“…I was only there [Belhaven Hill] for six weeks in 1943… Several of us F.A.N.Y.s were sent there after we had finished our W/T training at Fawley Court, Henley on Thames,* in order to get used to sending messages to the Signal Station at Grendon Underwood [STS 53A] as opposed to working to our instructor at the end of a table. We then went operational at Grendon as fully-fledged Wireless Operators. After a short while I volunteered to go abroad, firstly to Algiers and subsequently to Italy, working with S.O.E. agents behind enemy lines, where I stayed till V.E. Day.”
[Source – Private letter, 1st January 1999] [* - main F.A.N.Y. W/T training station]
Elizabeth Dean (née Medd)
Elizabeth Medd was also sent to Belhaven Hill. She went there to assist with a pre-D-Day exercise. She described her time in Belhaven thus:
“I was sent up to Dunbar from STS 53A to help with the coding and decoding of the messages during the pre-D-Day exercise. I was a F.A.N.Y. and nineteen years old, the only experienced codist there, the others being trainees. I worked the eight to twelve morning and evening shift and did a little extra work helping in the kitchen, etc. It was a pleasant break from the responsibility of an operational station, where one lived and slept codes for twenty-four hours a day.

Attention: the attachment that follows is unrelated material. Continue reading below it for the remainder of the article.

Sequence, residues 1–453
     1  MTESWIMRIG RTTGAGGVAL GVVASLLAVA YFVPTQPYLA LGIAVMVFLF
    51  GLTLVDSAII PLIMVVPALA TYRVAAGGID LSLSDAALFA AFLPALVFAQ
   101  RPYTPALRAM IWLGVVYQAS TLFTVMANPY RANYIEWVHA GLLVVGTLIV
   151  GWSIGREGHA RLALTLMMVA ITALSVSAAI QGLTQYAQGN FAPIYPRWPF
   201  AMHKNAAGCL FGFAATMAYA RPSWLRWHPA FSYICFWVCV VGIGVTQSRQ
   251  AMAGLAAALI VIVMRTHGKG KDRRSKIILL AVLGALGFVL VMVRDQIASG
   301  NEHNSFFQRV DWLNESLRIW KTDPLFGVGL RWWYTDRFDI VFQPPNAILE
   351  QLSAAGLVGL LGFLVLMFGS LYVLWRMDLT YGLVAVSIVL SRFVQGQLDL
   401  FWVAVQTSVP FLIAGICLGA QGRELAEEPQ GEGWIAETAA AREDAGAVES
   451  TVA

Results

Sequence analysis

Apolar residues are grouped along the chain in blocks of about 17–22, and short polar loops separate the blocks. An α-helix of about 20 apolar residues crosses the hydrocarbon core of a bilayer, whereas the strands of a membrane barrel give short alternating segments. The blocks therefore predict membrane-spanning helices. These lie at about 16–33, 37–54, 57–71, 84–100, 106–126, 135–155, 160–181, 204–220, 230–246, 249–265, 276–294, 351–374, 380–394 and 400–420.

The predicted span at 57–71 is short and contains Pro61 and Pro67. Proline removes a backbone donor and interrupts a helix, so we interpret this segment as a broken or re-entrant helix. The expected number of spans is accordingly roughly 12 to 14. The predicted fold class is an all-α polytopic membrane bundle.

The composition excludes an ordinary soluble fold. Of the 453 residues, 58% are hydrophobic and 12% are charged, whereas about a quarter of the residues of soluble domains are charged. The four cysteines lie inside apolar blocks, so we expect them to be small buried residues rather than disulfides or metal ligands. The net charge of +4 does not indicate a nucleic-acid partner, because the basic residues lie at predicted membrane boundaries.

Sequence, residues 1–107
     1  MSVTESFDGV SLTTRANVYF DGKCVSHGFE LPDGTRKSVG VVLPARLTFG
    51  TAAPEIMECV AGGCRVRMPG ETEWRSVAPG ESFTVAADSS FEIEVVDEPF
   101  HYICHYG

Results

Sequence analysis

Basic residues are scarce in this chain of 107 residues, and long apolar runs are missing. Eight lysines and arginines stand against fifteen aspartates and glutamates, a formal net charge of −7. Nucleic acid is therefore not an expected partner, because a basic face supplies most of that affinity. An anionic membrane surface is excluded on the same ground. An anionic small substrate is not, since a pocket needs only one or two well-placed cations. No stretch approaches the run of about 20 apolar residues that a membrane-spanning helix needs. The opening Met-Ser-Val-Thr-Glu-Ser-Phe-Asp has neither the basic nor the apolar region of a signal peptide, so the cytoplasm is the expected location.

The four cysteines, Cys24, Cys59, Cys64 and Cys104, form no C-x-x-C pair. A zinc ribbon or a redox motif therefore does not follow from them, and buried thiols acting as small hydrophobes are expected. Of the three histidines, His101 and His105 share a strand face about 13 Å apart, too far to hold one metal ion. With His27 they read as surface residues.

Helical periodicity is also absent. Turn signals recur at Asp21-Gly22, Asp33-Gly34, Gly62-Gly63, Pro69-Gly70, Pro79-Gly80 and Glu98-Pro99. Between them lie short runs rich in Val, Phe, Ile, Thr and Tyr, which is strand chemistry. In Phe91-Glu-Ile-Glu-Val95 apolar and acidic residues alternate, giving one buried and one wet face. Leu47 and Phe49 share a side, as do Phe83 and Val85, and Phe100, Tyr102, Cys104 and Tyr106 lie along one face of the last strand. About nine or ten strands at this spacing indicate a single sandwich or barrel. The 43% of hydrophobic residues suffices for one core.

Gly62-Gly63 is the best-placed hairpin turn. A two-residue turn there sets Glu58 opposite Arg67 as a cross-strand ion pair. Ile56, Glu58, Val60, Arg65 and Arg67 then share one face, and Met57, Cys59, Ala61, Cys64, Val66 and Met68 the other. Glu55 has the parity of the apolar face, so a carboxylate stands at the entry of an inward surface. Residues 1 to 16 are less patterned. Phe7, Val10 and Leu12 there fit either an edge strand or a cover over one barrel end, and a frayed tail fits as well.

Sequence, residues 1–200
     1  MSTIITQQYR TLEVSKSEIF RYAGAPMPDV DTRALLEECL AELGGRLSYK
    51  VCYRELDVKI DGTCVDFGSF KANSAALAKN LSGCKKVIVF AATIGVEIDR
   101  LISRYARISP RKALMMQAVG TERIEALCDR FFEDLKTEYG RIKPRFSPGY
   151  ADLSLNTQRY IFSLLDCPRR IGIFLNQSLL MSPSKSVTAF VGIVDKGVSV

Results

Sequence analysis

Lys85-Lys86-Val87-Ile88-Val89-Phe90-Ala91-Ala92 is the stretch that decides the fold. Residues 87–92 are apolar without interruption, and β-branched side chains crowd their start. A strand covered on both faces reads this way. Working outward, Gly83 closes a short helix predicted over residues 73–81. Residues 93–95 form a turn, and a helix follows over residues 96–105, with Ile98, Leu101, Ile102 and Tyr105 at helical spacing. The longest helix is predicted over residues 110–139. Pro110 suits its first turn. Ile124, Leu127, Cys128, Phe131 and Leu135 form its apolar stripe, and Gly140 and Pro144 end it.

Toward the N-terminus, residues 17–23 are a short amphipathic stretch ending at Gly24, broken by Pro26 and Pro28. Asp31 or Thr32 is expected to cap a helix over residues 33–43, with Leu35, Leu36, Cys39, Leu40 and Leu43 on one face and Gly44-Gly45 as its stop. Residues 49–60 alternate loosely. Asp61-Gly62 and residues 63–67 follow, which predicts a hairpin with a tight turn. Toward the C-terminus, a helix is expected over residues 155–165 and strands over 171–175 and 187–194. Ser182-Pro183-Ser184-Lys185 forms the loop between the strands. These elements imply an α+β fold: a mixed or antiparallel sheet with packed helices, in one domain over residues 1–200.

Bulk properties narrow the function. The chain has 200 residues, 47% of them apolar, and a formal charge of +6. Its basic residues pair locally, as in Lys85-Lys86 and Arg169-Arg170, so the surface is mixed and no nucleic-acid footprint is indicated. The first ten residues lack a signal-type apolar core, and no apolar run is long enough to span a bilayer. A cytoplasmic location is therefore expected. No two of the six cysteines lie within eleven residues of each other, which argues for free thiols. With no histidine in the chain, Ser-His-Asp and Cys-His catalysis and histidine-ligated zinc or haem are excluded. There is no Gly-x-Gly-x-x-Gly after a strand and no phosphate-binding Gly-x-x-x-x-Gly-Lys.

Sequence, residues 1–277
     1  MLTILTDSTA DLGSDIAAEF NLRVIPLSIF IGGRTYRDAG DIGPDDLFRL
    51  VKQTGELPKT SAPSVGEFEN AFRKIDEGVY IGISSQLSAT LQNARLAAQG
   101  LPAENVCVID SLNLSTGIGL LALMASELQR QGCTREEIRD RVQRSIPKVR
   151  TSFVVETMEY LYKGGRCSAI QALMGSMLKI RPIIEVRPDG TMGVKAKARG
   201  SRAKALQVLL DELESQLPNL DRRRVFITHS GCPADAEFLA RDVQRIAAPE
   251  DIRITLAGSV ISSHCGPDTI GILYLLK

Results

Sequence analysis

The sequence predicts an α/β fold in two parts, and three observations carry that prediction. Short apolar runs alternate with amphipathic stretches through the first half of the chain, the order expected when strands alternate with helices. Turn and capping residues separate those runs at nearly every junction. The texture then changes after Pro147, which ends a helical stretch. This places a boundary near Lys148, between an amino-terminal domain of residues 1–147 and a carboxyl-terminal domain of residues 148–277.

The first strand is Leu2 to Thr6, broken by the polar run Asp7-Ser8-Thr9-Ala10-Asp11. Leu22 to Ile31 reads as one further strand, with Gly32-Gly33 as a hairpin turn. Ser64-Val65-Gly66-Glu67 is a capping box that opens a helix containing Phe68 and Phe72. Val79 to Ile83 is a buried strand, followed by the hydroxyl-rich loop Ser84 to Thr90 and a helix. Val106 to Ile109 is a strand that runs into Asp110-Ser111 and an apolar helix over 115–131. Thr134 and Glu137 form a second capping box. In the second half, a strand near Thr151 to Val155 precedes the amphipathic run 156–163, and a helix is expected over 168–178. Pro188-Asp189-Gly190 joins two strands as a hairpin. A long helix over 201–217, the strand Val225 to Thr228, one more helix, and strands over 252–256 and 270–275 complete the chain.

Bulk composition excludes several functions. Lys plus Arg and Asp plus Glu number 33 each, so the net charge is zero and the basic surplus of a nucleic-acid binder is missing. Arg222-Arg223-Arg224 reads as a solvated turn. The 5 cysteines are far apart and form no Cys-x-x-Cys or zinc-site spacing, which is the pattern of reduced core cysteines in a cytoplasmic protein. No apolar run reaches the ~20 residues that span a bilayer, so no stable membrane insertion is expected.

One day I managed to break an indecipherable that had come in. It was not very difficult. As I remember, the code was the usual double transposition and the coder had managed to twist some of his columns, ‘hatting’ I think it was called, resulting in slipped letters; a type of indecipherable I used to think of as my speciality and enjoy solving. Later, in Broadway, I met a Captain who remembered me as the clever girl who broke the indecipherable. I was very flattered!
As it was February I had been kitted out before leaving Grendon with all sorts of woolly comforts that had come from Canada. In fact, the weather was not very cold. Although the west winds were very blustery at times, there was plenty of sunshine and I had some lovely afternoon walks up into the hills and along the beach. The local people seemed very friendly and hospitable and I remember wondering why the Scots were thought to be dour.
I managed to get one weekend off during the few weeks I spent in Dunbar. I went to Edinburgh by bus and stayed a couple of nights with the mother of a F.A.N.Y. friend at Grendon, a Mrs Watson Wemyss, who lived in one of the lovely, tall Georgian terrace houses which abound in the city. She generously showed me the sights, including the stone called the Heart of Midlothian, on which she said it was the custom to spit. I did so immediately, rather to her surprise. I particularly remember the wonderful snowdrops in the woods beyond the [Forth] and, of course, the castle and the palace of Holyrood.”
[Source – Personal letter, 1 January 1999]